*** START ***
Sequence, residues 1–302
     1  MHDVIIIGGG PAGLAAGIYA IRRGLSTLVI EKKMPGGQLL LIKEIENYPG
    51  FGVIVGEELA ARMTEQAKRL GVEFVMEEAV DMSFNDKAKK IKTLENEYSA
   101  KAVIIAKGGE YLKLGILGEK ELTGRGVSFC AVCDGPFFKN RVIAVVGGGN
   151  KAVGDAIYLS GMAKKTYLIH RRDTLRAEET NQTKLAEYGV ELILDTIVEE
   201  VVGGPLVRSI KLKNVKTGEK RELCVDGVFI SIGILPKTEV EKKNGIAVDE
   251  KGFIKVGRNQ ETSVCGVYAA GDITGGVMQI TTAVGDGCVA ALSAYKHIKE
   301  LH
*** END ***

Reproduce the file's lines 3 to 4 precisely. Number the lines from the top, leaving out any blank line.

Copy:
    51  FGVIVGEELA ARMTEQAKRL GVEFVMEEAV DMSFNDKAKK IKTLENEYSA
   101  KAVIIAKGGE YLKLGILGEK ELTGRGVSFC AVCDGPFFKN RVIAVVGGGN